Three steps to help your child develop love for books

As English is not my native language but the main language for my children, I always try to find the way to build their vocabulary.  It is not only because of the exams and schools, but also because as George Orwell writes in ‘1984’, the words that are available for the purpose of communicating thought, tend to influence the way people think.

As the reading is the most important tool we have to build the language, I would like to talk about how to help your child to develop love for books.

Step 1: Reading to your child

As I was talking to my friend Claire, who will start teaching Letters & Number for toddlers at 3 House Club from September (and is a teacher by education), she suggests to focus on quality of reading not the quantity. Choose a small chapter or a page from a book and when you read to your children remember:

1)      make the effort to read with expression so the story becomes more fun and engaging;

2)      when you come across difficult vocabulary or an expression, explain it to your child or give a synonym she/he will understand;

3)      after you read a piece of a book, have a short discussion about it with your child, to ask what they thought about it, how it made them feel, what they have done in the same situation, etc.

Step 2: Helping children to choose the book they will enjoy reading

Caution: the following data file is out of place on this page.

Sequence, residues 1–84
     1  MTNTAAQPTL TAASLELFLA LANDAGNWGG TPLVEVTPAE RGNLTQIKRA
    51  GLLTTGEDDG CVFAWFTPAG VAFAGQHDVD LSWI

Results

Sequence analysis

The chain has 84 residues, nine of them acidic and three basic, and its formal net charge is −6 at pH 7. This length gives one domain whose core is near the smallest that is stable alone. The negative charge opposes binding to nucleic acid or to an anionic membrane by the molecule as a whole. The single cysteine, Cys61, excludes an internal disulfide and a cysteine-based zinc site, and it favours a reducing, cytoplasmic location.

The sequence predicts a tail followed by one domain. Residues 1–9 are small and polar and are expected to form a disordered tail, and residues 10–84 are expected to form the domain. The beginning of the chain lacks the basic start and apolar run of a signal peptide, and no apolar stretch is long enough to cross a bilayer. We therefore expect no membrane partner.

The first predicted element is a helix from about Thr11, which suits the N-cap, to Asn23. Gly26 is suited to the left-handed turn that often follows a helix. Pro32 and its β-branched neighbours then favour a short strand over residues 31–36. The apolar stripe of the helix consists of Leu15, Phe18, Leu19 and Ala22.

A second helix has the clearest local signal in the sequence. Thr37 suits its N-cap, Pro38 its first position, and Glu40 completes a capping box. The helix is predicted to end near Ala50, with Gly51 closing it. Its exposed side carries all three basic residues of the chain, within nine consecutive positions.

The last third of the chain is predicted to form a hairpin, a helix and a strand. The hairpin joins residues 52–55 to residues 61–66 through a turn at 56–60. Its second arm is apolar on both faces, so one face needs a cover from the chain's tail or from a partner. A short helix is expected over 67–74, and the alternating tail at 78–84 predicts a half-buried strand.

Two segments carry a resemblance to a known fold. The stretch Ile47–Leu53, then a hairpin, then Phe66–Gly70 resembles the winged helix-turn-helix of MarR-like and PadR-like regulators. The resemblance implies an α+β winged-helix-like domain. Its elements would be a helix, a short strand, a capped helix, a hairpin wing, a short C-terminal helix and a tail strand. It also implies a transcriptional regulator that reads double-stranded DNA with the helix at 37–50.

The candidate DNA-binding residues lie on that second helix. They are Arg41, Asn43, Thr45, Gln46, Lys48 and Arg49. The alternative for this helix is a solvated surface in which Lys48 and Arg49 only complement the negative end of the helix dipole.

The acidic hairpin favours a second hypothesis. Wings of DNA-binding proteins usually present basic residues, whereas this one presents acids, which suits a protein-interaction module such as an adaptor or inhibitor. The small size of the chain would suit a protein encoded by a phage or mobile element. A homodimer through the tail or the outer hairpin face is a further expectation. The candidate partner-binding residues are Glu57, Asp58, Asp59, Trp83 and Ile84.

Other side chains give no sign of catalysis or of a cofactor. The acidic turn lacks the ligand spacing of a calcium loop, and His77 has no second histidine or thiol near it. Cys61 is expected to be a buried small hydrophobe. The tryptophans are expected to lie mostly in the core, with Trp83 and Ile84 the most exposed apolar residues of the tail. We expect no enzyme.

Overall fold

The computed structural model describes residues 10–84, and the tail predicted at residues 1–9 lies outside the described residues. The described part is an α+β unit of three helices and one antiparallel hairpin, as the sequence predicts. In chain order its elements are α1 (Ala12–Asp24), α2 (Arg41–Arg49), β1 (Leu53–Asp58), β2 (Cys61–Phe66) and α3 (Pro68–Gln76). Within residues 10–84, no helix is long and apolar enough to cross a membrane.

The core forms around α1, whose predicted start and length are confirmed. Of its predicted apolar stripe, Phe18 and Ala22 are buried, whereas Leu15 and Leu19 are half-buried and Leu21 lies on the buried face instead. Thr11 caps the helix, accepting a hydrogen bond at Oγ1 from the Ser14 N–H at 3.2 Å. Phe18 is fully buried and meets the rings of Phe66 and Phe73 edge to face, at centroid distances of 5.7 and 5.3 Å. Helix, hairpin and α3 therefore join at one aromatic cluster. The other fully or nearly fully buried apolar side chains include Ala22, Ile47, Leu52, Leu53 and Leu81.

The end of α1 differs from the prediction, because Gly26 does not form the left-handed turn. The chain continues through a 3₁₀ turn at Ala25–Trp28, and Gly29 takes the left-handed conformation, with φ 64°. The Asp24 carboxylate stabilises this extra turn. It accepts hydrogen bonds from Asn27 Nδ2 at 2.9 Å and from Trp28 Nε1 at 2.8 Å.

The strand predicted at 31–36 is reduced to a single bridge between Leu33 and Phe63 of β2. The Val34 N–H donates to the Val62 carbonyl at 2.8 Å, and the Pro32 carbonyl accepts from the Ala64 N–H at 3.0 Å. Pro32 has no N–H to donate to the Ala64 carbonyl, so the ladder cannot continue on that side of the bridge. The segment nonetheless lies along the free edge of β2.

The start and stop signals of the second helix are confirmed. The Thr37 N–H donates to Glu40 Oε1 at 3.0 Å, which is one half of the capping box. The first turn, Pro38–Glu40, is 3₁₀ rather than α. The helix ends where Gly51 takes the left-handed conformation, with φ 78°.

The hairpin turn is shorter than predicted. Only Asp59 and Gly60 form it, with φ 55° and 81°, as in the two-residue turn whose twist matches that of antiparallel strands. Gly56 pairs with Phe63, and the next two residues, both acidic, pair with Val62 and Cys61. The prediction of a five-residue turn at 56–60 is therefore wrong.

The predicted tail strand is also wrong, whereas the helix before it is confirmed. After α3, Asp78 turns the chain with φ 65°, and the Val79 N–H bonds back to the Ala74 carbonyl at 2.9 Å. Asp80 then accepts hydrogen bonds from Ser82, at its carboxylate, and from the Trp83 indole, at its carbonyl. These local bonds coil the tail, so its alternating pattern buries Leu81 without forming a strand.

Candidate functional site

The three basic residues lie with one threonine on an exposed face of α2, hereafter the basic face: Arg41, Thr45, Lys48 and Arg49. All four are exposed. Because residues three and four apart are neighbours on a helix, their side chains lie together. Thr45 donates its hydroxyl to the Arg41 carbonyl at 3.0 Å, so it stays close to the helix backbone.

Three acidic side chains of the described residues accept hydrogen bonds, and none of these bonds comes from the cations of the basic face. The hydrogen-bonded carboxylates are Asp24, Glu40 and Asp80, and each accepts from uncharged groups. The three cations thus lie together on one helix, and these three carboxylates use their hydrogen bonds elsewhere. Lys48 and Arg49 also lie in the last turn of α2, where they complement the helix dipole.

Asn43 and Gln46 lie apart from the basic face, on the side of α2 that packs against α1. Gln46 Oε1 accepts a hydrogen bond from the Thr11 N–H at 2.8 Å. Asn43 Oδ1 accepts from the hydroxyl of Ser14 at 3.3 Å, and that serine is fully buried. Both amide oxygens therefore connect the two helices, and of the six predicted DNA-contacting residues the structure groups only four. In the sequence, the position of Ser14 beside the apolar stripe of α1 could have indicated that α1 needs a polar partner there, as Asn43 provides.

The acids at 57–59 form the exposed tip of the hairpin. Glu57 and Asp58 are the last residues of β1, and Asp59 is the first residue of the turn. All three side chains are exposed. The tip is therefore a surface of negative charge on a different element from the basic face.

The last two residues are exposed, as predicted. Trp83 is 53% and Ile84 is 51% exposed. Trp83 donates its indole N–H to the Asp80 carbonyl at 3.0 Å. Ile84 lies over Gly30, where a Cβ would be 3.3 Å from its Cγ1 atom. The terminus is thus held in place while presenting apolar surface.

In my house I have a child who cannot stop reading while the other one is a bit more difficult to get involved with the book. If you have the same, my main suggestion is not to give up and is not to label your child that she/he does not like reading. It is about finding the right book that can get your child engaged. Here are some steps that may help you:

1)      Go with your child in the book store and let him/her browse and choose the book him/herself;

2)      Maybe move a step back for a simpler vocabulary – when I read a book to my children I always choose one book slightly above their vocabulary level, but when I pick up the book for my children to read, I focus on them enjoying the story and finding it easy and fun to read not to ruin their love for reading;

3)      Ask your child to have a chat with his/her friends to see what they like reading as your son/daughter are likely to enjoy it too.

4)      There are also a lot of wonderful online sources for reading list.  My favourite is as it has a breakdown by age and the site adds new books regular.

Step 3: Set a routine time for reading

If you allocate a regular reading time at your household, let’s say it is 10 min after dinner, it will be less an argument every time you want your child to pick the book up.

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Next week I will give a list of games, techniques and other resources that help your child to build a wide vocabulary in a playful way in addition to reading.

See our newsletter for this week here.